Were you hoping to rug up in a mohair coat this winter? You won’t find what you’re looking for at ASOS. The online fashion retailer has updated their animal welfare policy to ban the sale of products made from mohair, feathers, silk and cashmere. According to the new policy, third parties will no longer be able to supply ASOS with items containing these materials.
From now on, the only animal products on sale at ASOS will be those sourced from certain types of leather, wool, and other types of animal hair obtained as a by-product from the meat industry (ASOS has stated they will only work with meat industry establishments who can prove high standards of animal husbandry).
As the issue of animal welfare continues to gain traction, ASOS isn’t the only one changing their tune. A number of clothing retailers have revealed plans to stop using mohair in their products, including Topshop, H&M, and Marks & Spencer. Even high-end fashion houses are jumping on the animal welfare bandwagon, with labels like Versace and Hugo Boss vowing to ban fur from their collections.
But what about search engines and social media? You might not be able to stock up on silk shirts and cashmere jumpers at ASOS anymore, but that doesn’t mean these items can’t be found elsewhere on the internet. They may not design fur coats, but companies like Facebook and Google play a big part in facilitating the sale of animal products.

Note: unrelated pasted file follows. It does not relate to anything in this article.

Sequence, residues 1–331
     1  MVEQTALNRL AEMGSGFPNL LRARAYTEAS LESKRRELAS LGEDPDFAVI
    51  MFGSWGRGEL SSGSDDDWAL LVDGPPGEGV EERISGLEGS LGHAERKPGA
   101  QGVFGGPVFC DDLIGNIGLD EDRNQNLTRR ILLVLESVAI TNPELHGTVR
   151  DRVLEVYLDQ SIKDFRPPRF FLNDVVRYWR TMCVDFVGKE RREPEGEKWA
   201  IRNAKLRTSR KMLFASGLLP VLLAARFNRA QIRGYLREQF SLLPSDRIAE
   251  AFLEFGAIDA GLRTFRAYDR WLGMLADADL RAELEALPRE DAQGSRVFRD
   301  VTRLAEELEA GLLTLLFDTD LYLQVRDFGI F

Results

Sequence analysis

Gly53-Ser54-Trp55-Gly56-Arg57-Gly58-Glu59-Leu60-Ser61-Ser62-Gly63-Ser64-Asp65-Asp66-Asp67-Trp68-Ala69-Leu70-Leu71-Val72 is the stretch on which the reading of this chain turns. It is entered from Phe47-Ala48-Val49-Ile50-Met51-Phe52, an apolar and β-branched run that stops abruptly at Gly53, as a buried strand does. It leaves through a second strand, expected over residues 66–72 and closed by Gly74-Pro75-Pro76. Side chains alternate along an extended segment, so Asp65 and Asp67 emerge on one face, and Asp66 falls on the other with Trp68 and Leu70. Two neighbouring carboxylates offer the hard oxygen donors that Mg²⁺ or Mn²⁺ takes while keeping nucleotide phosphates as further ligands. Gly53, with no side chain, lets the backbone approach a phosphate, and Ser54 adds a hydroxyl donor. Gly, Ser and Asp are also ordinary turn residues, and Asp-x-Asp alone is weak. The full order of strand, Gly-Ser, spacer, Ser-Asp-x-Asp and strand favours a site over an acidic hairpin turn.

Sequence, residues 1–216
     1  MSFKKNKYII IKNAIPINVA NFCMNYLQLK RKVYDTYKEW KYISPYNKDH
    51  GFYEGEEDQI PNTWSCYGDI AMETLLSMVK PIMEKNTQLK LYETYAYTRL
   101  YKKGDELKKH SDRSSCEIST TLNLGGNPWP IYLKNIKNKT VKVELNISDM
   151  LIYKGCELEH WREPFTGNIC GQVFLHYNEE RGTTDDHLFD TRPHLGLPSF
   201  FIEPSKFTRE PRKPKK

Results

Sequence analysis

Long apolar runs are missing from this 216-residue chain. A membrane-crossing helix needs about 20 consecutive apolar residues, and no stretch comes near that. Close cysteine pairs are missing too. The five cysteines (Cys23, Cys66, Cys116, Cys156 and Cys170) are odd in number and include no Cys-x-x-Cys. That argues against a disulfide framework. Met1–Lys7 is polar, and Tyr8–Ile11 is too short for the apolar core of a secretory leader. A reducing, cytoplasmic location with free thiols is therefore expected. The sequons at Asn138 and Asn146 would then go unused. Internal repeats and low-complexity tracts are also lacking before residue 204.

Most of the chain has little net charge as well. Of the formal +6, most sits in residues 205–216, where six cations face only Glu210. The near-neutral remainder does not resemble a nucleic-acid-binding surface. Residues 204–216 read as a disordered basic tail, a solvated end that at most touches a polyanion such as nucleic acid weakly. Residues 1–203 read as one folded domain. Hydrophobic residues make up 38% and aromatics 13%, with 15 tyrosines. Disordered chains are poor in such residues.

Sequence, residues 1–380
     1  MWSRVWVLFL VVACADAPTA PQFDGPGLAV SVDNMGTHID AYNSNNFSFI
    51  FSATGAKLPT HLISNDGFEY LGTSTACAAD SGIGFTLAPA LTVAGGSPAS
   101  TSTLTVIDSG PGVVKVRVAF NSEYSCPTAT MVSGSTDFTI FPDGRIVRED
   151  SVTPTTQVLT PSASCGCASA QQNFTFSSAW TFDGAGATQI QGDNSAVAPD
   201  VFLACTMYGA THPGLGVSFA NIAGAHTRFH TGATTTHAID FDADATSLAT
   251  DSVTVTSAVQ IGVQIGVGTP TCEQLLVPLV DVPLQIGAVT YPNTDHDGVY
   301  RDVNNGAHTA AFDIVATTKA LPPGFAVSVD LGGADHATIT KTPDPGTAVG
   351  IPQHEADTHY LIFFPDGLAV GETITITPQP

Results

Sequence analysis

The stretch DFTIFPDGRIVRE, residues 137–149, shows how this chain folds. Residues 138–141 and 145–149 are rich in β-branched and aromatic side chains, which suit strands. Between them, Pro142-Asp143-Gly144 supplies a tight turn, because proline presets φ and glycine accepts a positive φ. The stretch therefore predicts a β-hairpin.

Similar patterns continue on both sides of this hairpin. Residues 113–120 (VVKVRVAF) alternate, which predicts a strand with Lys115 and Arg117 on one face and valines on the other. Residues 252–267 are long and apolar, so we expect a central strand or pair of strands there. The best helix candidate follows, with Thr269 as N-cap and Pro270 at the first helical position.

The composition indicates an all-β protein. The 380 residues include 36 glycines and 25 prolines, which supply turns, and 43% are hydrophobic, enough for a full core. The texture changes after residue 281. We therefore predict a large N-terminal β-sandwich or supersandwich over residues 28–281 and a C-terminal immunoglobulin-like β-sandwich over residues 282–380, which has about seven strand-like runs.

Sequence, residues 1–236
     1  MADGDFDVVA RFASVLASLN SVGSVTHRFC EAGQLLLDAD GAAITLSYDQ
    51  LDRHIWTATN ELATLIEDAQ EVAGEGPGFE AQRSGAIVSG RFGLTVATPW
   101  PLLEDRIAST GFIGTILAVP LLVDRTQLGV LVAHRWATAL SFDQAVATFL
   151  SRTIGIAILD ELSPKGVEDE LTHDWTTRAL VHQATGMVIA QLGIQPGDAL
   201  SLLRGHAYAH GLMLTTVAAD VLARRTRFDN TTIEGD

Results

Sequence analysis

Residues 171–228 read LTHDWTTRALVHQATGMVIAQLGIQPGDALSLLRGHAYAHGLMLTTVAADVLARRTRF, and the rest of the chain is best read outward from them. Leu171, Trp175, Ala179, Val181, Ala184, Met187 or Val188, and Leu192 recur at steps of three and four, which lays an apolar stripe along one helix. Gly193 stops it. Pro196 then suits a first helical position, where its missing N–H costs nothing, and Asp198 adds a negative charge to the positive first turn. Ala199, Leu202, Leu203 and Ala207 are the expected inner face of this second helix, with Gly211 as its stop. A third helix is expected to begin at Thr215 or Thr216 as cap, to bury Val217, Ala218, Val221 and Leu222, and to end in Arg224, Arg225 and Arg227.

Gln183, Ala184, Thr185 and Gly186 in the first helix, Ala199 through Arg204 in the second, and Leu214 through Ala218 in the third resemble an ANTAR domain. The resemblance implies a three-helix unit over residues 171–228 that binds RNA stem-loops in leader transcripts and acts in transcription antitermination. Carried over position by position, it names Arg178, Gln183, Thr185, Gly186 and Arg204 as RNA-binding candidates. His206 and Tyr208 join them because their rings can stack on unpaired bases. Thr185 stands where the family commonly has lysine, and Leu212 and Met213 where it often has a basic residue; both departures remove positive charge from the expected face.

No matter how many fashion retailers commit to cruelty-free policies, animal products will remain readily available online unless the internet’s largest corporations decide to take a stand. Obviously restricting the sale of animal products would mean a loss of revenue for both advertisers and manufacturers, so it’s unlikely this will happen on a large scale anytime soon.
However, as the tide of public opinion continues to turn against those who make and sell animal products, it’s not impossible to imagine a world where these items can no longer be bought online.
Google already enforces strict rules regarding what you can and can’t promote on their advertising channels. Banned products include:
Certain products are also banned from Facebook’s advertising platform. You won’t see any of the following items on sale in your news feed:
Given how much content is already excluded from online advertising, adding animal products to the banned list doesn’t seem like such a far-fetched idea. But at the end of the day, consumers are the only ones who have the power to encourage policy changes. Banning animal products online will be a lot easier if people put their money where their mouth is and stop buying those items in the first place.